The Kalthoffs ultimately obtained a default judgment against Casual Male. In June 2008, after an inquest, the Kalthoffs were awarded almost $812,000. When Arrowood refused to pay, the Kalthoffs filed a declaratory judgment action seeking to compel payment of the default judgment. Arrowood moved for summary judgment dismissing the complaint, and the Kalthoffs cross-moved for summary judgment, arguing that Arrowod's disclaimer of coverage was not effective against them. The New York Supreme Court ruled in favor of the Kalthoffs; Arrowood appealed.

On appeal, Arrowood asserted that the Kalthoffs were aware in February 2003 that Casual Male had a liability policy with Arrowood and that they did not provide notice to Arrowood until October 2004.

The Kalthoffs argued that the complicated facts and circumstances of their case as a result of the bankruptcy excused them from the burden of demonstrating that their delay was reasonable.

The court disagreed, holding the Kalthoffs' "professed confusion regarding the applicable law to be insufficient as a matter of law to constitute a reasonable excuse for their delay in notifying defendant of the accident and their claims." The court concluded it could not find that the Kalthoffs' efforts to provide timely notice were reasonable.

The decision of the lower court was reversed, and the complaint against Arrowood was dismissed.

Kalthoff vs. Arrowood Indemnity Company-Supreme Court, Appellate Division, Third Department, New York-May 3, 2012-2012 WL 1537575.

Framed: Insurer denies claim for code compliance costs

Ronald Koziol and his wife decided to act as general contractors on a house they were building in Cumberland, Rhode Island. They entered into an agreement with a subcontractor to frame the house. The framer's work did not comply with the town's building code, so the Koziols were forced to pay another contractor to bring the house up to code.

The Koziols' homeowners insurer was Peerless Insurance Company. In addition to basic coverage, the Koziols had paid an extra premium for "Homeowners Special Ultra Plus Coverage." Assuming that this coverage would reimburse them for the extra expense they had incurred to bring the house up to code, the Koziols filed a claim for that amount. When Peerless denied coverage, the Koziols filed a declaratory judgment action. The court ruled in favor of the plaintiffs; Peerless appealed.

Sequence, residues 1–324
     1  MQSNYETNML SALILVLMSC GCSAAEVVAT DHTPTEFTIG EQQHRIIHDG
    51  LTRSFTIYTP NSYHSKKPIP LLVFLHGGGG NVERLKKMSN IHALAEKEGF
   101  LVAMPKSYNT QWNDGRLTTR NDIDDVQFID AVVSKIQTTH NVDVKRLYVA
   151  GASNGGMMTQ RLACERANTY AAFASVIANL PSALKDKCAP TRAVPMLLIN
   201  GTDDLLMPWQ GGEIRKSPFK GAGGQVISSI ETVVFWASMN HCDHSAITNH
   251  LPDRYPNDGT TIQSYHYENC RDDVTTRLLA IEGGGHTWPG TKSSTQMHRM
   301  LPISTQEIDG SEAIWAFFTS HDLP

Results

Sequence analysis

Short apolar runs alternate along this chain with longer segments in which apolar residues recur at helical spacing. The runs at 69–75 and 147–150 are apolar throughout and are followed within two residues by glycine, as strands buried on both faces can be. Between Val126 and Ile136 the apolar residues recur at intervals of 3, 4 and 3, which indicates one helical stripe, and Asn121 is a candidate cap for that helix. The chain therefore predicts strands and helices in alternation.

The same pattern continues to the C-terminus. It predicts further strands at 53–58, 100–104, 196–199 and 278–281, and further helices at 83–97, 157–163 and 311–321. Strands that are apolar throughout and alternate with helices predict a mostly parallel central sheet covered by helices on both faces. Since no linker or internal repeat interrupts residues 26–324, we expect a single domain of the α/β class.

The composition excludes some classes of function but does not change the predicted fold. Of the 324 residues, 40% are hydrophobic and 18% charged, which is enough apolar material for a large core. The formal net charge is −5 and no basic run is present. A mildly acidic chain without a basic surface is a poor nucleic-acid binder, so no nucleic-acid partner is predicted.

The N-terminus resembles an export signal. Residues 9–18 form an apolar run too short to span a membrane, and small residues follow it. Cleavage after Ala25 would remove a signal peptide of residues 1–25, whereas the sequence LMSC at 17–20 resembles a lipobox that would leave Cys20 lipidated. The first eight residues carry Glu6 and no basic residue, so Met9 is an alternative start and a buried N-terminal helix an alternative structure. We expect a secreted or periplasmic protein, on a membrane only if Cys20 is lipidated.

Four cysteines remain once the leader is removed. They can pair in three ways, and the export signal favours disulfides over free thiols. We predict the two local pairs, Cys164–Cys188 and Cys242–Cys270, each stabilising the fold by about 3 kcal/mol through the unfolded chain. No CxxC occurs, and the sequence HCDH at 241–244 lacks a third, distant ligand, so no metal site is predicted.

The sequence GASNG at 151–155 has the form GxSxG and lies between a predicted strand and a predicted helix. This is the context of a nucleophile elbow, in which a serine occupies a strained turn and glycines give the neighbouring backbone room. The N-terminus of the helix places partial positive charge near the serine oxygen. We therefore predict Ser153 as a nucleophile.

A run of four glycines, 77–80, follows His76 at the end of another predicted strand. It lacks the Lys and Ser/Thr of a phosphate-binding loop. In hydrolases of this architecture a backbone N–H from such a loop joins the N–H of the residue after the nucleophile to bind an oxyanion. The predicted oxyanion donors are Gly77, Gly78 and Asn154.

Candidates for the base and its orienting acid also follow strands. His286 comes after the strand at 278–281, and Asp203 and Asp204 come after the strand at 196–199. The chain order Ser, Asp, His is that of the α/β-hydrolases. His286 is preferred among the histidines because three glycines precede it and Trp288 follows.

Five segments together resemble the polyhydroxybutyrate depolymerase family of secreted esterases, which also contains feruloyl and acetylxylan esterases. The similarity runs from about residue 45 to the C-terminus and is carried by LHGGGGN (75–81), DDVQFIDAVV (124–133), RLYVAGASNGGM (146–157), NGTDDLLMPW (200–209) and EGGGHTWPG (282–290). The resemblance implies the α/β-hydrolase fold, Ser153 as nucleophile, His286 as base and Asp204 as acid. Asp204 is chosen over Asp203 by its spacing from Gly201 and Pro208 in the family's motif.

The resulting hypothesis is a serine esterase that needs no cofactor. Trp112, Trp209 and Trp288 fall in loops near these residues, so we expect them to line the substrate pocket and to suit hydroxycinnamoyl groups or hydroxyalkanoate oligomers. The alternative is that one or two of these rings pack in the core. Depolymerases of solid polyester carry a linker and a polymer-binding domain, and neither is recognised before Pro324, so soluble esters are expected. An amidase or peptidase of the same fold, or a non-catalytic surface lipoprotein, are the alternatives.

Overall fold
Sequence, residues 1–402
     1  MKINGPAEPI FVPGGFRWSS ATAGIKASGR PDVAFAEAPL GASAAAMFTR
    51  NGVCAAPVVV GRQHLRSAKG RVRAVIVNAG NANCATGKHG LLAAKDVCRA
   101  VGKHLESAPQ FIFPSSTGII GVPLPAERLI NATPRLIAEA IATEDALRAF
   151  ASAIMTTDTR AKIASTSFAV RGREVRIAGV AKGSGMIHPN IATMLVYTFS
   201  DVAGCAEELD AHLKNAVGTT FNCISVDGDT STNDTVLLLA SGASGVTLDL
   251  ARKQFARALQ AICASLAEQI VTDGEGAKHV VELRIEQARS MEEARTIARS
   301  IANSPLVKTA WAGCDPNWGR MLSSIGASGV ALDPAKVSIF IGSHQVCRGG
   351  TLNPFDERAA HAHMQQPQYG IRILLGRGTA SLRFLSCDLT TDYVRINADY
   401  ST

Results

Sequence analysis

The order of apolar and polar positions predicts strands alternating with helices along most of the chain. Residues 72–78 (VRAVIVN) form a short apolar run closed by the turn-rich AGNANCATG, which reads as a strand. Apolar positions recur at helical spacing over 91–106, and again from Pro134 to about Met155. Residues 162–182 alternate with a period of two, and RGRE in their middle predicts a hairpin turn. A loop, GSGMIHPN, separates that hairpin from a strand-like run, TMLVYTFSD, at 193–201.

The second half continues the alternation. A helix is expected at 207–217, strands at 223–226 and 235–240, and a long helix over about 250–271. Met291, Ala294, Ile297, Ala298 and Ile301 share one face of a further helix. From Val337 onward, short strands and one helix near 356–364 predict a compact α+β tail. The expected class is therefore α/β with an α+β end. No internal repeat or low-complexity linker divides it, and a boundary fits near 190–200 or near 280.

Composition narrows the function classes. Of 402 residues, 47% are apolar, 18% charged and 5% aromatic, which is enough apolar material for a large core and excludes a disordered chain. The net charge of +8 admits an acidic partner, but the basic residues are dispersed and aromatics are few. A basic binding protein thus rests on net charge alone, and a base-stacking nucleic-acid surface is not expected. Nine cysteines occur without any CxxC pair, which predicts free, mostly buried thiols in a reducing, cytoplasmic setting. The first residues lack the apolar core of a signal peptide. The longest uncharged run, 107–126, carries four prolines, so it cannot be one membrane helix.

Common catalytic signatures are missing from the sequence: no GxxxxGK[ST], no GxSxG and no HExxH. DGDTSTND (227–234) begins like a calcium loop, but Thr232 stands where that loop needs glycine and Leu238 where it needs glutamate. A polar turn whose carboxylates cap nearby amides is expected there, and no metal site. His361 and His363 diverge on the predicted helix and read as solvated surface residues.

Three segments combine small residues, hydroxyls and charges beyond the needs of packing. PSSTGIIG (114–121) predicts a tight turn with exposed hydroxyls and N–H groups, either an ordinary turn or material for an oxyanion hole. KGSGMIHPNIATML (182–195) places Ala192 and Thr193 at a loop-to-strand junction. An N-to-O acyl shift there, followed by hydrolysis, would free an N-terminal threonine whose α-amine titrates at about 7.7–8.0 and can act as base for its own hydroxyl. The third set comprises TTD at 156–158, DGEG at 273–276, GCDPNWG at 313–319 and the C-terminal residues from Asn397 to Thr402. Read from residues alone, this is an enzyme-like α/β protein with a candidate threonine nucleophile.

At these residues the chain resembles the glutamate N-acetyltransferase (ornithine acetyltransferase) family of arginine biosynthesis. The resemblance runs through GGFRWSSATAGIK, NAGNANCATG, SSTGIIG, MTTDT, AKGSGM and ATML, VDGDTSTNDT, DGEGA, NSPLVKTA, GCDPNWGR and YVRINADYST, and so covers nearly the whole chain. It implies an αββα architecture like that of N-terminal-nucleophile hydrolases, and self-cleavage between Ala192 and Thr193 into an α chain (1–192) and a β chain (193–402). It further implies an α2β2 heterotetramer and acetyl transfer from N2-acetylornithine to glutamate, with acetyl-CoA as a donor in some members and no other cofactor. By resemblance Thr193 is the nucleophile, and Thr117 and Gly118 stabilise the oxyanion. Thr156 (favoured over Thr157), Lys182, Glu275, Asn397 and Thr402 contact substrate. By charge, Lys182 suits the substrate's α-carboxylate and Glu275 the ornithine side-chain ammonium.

The "Special Ultra Plus" endorsement was included in the "base coverages and premiums" section of the policy's premium outline. The description of the coverage was on page 17 of the policy and stated: "MORE PROTECTION FOR LESS! For a nominal premium charge, your Homeowners Policy with Special Ultra Plus Coverage provides you with a lot of protection." Beneath the headline was a list of items covered, including "Ordinance or Law Compliance for Buildings (required after a loss)." Under the amount of coverage for this item, the word "covered" was listed. The term "loss" was not defined. A statement at the bottom of page 17 read: "The information contained in this summary is a brief description only. The summary is not an insurance contract. Coverage may vary from state to state and is subject to change. For these reasons, please consult your agent, policy and endorsements for a complete description of coverages and limits." On appeal, Peerless argued that two exclusions in the policy precluded coverage for the Koziols' claim. First, the policy excluded coverage for faulty workmanship. Second, the ordinance or law exclusion applied.

The Koziols argued that these exclusions, combined with the summary of the Special Ultra Plus endorsement, caused the policy to be ambiguous. According to the Koziols, an ordinary reader could reasonably believe that the policy covered their claim.

In reaching its decision, the Supreme Court of Rhode Island stated: "We have no trouble concluding that, despite being cloaked with the label 'summary,' the terms cited by plaintiffs are part of their homeowners insurance policy and that they should be considered together with the other terms of the agreement."

The court further stated: "Like a declaration page, the contents of an insurance coverage summary—particularly when it is found within the four corners of the policy, as it is here—are of paramount importance because it is common knowledge that the detailed provisions of insurance contracts are seldom read by the consumer."

The judgment of the lower court was affirmed.

Koziol vs. Peerless Insurance Company-No. 2010-244-Appeal-Supreme Court of Rhode Island-April 11, 2012-2011 WL 1201939.